Keoghs Insight

Author

Hayley Riach

Vicarious Liability - festive assault threatens to blur boundaries further

AWARE05/02/2019
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Bellman v Northampton Recruitment Ltd

Retailers are well aware of the long established principle that vicarious liability can still apply, even if an employee’s wrongful conduct is outside the usual course of employment or working hours.  Recent case law has extended these principles, giving guidance as to when and in what circumstances it will apply.  In the case of Bellman v Northampton Recruitment Ltd, the Court of Appeal looked at vicarious liability arising from an assault on an employee following an office Christmas party. Have they extended the boundaries again?

The case

In the early hours of 17 December 2011, Mr Bellman, a sales manager employed by the defendant, was assaulted by the company’s managing director (MD), Mr Major, within the lobby of Northampton’s Hilton Hotel, after he questioned a managerial decision. Mr Bellman was punched twice, the second blow causing him to fall and hit his head on the marble floor. He suffered a fractured skull and irreversible brain damage.

He sought damages against the defendant on the basis that it was vicariously liable for the actions of Mr Major. The matter was heard in the High Court in November 2016.

The decision

Mr Bellman’s claim failed at first instance. It was held that there was an insufficient connection between the position in which Mr Major was employed and the assault for it to be appropriate for the defendant company to be held to account.

The appeal

However, the Court of Appeal then reversed this decision. It found that the managing director, who had arranged the company’s Christmas party and was viewed as its directing mind, had assaulted an employee in the course of a disagreement about work related issues when drinking after the party. This occurred in a hotel to which the MD had arranged taxis for a number of employees.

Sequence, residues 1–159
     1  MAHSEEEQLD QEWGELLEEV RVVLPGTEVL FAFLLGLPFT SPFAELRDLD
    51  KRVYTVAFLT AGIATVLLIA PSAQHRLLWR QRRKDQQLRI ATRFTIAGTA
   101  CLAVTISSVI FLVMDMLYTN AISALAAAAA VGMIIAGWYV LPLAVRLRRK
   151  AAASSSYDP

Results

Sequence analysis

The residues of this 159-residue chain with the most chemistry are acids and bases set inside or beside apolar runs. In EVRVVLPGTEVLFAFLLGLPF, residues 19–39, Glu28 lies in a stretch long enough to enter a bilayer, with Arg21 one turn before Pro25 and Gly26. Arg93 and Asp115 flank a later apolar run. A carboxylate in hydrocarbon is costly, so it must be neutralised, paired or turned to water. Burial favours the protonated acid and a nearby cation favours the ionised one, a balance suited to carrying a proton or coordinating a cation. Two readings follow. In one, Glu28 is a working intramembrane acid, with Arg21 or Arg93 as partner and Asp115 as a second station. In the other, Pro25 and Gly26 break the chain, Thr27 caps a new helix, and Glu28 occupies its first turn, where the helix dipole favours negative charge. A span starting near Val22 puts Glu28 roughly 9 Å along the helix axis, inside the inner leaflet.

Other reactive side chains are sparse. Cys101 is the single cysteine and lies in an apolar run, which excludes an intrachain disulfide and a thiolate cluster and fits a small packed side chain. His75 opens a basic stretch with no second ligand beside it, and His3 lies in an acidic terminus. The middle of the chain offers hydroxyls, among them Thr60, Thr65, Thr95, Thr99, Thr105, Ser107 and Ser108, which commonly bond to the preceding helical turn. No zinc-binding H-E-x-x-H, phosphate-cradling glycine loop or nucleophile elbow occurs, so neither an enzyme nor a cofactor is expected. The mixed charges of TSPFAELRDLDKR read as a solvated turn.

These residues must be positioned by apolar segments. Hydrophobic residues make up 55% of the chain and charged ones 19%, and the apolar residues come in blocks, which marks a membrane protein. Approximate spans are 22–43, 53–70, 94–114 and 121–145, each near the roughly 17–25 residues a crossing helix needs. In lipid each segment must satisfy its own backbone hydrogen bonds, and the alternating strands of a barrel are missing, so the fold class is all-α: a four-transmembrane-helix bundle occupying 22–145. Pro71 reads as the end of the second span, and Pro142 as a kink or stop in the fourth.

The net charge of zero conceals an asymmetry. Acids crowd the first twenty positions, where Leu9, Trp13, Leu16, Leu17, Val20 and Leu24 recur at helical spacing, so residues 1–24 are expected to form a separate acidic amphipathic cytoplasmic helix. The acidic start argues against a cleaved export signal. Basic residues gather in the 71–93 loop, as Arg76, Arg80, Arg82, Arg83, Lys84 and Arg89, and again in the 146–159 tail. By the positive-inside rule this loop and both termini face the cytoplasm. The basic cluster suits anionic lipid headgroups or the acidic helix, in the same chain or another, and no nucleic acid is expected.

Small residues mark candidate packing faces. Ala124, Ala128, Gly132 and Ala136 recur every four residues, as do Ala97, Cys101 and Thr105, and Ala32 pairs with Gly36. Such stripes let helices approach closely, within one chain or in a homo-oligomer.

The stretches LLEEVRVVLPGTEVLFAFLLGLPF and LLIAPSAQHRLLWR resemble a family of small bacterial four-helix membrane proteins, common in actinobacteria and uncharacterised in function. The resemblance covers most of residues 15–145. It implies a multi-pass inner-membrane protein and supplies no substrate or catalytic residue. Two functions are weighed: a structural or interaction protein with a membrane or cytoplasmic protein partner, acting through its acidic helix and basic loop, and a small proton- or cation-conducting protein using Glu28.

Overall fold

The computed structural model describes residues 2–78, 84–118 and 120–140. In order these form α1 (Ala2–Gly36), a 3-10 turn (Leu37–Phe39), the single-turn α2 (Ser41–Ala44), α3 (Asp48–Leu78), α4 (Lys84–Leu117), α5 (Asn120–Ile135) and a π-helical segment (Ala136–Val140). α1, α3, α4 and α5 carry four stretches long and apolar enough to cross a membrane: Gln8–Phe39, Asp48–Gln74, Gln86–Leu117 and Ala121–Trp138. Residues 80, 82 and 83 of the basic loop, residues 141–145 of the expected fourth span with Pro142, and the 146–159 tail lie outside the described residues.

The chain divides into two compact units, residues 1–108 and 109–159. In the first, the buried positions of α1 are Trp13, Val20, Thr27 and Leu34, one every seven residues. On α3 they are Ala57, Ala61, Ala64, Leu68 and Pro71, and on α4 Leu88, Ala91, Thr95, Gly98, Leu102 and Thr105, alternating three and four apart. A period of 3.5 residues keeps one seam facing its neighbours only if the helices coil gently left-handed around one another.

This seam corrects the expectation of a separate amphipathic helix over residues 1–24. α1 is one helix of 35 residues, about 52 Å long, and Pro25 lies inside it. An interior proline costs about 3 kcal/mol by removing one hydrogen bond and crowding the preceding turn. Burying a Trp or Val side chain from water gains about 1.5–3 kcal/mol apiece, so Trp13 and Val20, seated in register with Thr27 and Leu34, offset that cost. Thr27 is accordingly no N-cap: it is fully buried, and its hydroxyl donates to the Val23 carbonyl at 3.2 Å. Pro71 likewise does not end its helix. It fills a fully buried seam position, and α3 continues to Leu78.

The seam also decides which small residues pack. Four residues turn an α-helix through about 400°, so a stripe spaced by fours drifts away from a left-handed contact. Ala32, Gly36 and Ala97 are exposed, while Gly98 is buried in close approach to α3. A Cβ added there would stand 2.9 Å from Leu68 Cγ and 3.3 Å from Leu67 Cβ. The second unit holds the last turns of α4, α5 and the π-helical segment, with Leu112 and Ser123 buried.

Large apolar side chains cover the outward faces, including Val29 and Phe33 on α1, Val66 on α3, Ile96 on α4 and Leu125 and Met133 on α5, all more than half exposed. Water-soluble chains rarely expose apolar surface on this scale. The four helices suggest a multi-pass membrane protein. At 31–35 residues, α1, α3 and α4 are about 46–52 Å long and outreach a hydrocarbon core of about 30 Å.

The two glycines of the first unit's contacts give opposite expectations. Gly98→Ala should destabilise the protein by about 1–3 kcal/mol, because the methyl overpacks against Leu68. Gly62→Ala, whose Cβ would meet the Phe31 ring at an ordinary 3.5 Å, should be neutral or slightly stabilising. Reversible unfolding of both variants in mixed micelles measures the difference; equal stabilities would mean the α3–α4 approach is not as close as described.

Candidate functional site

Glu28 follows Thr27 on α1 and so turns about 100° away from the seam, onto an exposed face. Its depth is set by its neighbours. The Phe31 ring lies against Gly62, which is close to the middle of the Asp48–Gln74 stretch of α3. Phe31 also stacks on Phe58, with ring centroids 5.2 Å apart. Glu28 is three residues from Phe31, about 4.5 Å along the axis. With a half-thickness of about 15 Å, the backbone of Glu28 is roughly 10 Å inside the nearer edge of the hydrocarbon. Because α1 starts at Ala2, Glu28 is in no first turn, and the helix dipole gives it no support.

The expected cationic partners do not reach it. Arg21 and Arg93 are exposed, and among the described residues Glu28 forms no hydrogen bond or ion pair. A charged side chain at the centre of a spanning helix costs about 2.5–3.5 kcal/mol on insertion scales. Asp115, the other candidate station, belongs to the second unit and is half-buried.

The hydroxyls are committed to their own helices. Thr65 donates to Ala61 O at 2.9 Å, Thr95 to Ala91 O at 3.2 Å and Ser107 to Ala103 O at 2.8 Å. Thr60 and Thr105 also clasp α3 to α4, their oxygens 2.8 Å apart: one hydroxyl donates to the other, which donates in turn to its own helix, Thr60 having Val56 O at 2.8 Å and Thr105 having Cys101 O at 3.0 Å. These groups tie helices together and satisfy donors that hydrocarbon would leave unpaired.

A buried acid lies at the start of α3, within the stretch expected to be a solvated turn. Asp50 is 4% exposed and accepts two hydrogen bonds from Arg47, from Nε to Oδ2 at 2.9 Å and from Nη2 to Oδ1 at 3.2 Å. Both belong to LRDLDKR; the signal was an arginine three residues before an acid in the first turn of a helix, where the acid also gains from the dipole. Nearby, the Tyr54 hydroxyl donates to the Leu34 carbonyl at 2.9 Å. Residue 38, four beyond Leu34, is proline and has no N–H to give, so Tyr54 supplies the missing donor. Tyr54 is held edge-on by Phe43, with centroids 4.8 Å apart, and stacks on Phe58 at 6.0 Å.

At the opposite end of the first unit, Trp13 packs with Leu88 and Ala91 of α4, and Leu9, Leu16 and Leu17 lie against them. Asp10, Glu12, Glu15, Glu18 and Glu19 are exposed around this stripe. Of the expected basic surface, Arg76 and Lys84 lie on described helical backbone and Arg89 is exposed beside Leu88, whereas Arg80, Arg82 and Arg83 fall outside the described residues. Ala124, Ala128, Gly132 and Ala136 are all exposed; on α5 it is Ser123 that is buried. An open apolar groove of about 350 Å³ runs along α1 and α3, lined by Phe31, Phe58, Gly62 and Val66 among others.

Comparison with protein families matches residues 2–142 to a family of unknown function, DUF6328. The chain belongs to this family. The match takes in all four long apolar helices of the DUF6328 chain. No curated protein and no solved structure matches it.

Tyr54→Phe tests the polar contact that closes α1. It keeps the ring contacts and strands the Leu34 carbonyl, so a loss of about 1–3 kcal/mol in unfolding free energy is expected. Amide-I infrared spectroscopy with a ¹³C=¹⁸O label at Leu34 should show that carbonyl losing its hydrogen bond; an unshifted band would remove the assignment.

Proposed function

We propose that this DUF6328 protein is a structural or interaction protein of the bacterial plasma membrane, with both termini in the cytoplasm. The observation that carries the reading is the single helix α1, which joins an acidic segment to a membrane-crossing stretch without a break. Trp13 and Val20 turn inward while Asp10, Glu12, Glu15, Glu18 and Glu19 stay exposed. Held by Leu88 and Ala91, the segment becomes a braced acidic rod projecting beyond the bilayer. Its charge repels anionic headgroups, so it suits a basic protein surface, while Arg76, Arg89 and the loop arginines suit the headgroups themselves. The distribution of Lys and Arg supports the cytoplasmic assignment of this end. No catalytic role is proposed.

In making this decision, the Court of Appeal found that the MD’s remit and authority were wide. In lecturing the group on work matters, he had exercised his authority over the other employees. The assault was a misuse of that authority and, despite the time and place of the drinking session, the Court of Appeal was satisfied that there was a sufficient connection between his role and the assault to render the company vicariously liable.

Widening the gambit?

The Court of Appeal emphasised that the facts of this case were unusual and that liability will not arise just because an argument between colleagues about work related matters leads to an assault, even if one is considerably more senior than the other. The Court of Appeal was also keen to highlight that the circumstances of Mr Bellman’s case were a long way from, say, a social round of golf between colleagues during which the conversation turned
to work.

This was a unique decision in a claim where significant injuries were suffered, and it’s reasonable to suggest that a different approach may have been taken if the injuries had only been minor.
However, during any work party it is wise for retailers and employers in general to take sensible precautions, ensuring the chance of a potential altercation is minimised.